Laird Hamilton

Laird Hamilton ( born February 3, 1964 in San Francisco as Laird John Zerfas ) is one of the most influential "Big Wave" surfers of the 21st century. He has surfed waves up to 22 meters high at speeds of 80 km / hr.


L.G. Zerfas, Hamilton's father of Greek descent, the family left before the first birthday of his son. Shortly thereafter, his mother Joann moved with her child to Hawaii. He grew up on the North Shore of Oahu, Hawaii.

Hamilton met his future adoptive father, Bill Hamilton ( born August 27, 1948), at the age of 3 years to know a legendary big-wave surfer Pro 1967 on the beach of Ehukai in Hawaii. Bill saw the boy playing in the waves and invited him mitzusurfen on his shoulders. Hamilton offered his future adoptive father then to accompany him home to meet his mother. Joann and Bill were married six months later. 1969 Hamilton's half-brother Lyon Hamilton was born. Even in his childhood shied Laird Hamilton no athletic extremes: at the age of 8 years, Hamilton asked his father to visit with him a 18 -meter-high cliff at Waimea Falls, where the surfers put their courage by jumping into the lagoon to the test. He did not leave it if you're watching, but jumped down himself.

After Hamilton had broken with 16 years of school, he first worked as a construction worker to earn the money needed for surfing. At age 17, he was discovered on a beach in Kauai by a photographer of the Italian "Men's Vogue". In 1983 there was a joint photo shoot with Brooke Shields.

In November 1997, he married the professional volleyball player Gabrielle Reece, who also works as a model and presenter. With her he has two children together. From his first marriage ( with the Brazilian fashion designer Maria Souza ) comes another daughter, who was born in 1996 and lives with her mother. Gabrielle Reece was a major influence on the economic success of her husband by helping him. , With its own manager Jane Kachmer, a talent manager in the film industry, made known Kachmer cared for the professional marketing of Laird Hamilton in the media.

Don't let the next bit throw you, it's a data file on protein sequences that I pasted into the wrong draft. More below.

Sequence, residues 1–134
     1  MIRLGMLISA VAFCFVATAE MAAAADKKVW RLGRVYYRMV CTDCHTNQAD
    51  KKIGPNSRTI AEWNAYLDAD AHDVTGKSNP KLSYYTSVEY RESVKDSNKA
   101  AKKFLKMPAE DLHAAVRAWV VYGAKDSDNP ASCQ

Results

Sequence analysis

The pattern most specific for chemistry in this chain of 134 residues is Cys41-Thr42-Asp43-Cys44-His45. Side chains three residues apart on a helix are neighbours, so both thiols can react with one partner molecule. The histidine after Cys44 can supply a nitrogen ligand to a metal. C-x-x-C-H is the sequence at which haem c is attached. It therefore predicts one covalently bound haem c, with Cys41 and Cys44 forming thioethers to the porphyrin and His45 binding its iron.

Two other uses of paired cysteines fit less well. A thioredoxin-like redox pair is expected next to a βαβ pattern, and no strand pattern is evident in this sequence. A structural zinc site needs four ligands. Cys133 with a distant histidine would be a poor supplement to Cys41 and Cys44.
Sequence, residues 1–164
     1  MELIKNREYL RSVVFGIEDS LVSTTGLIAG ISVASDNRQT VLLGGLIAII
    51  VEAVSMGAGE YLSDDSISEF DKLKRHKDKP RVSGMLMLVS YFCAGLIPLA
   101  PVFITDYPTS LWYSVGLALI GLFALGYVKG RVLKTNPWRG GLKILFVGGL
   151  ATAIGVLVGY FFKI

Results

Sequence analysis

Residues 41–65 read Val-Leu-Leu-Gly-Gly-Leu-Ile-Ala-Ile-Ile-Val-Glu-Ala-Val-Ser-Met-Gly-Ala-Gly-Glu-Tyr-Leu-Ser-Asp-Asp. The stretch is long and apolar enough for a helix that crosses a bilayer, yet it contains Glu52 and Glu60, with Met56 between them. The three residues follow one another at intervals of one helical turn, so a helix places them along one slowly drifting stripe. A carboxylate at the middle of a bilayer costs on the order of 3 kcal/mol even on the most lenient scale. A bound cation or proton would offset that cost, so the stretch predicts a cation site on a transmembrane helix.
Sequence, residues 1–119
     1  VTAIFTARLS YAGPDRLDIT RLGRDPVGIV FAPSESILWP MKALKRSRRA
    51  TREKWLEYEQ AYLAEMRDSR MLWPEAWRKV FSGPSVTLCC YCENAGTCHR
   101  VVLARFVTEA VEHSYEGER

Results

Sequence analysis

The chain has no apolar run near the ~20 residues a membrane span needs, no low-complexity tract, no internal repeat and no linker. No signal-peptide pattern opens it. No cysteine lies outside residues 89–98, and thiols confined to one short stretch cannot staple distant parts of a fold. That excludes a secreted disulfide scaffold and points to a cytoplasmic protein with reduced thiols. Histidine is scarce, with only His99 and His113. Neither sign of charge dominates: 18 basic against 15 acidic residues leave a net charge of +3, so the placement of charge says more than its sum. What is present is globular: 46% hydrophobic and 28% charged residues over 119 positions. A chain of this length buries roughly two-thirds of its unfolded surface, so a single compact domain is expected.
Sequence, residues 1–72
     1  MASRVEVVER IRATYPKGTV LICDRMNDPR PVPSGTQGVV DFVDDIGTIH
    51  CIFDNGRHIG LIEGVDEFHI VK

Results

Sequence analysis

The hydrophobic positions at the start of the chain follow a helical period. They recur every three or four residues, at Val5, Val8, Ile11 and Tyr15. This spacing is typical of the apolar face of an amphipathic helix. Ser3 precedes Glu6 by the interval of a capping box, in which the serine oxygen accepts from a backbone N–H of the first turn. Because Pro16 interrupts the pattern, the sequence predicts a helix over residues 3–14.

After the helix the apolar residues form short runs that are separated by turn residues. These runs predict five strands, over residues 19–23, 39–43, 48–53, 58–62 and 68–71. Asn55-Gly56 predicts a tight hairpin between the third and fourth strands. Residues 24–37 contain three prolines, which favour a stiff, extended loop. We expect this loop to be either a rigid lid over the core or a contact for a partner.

Developed by Hamilton with tow - in surfing has changed surfing huge waves perfect. To find better grip on the board as the resulting high speeds, he first foot straps, which are known for windsurfing, mounted on a shaft rider.

Hamilton is co-founder of Stand Up Paddle surf and is considered the inventor of the Foilboards in which an underwater wings for lift ensures and emphasizes the board across the water surface.

In 2008 he published a book entitled " Force of Nature: Mind, Body, Soul, And, of Course, Surfing ". On September 26, 2013 Hamilton SUP Lifetime Achievement Award was presented.

In October 2013 Hamilton criticized in an interview with CNN the big-wave surfer Carlos Burle and its experiment with Maya Gabeira at Nazaré riding your thirty -meter-high waves. Gabeira could by Burle indeed be saved from drowning, but " simply not have the skills to drive under such severe conditions." To ride Burles own test these waves he commented with the words " To break a world record, you have to ride on the wave also create ( Burle had fallen into the shaft ) ... therefore he was not more than a Wipeout on the biggest wave anyone ever ridden. " Gabeira Comment on the accusation she had been overwhelmed in an interview with " Yes, I already hear these sayings me for years ... When big-wave surfing, I see myself as an athlete -. Regardless of gender "

TV / Movies

Laird Hamilton worked among other things in the movie Waterworld (1995 ) as a stunt double for Kevin Costner and in the documentary Riding Giants (2004) with. He is also seen in the opening sequence of the James Bond movie Die Another Day (2002 ) as a stunt double for Pierce Brosnan in Jaws.

2007 was Hamilton with his wife and Serena Williams and former NFL quarterback John Elway part of the ABC reality television series Fast Cars and Superstars. In 2011, he starred in The Descendants as " Tony Cock " a small role.


The ride on the wave of Teahupoo, a surf spot off the coast of Tahiti, Hamilton made ​​on 17 August 2000 a legend.

The wave of Teahupoo applies because of their bulk as extremely dangerous when it exceeds the 3-meter line. Teahupoo breaks over a sharp-edged coral reef in shallow water 50 cm. If one falls off the board, there is danger to life and limb.

This ride, called by surfers The Wave, earned him a title photo in Surfer Magazine entitled " oh my god ... " and is featured in the film Riding Giants.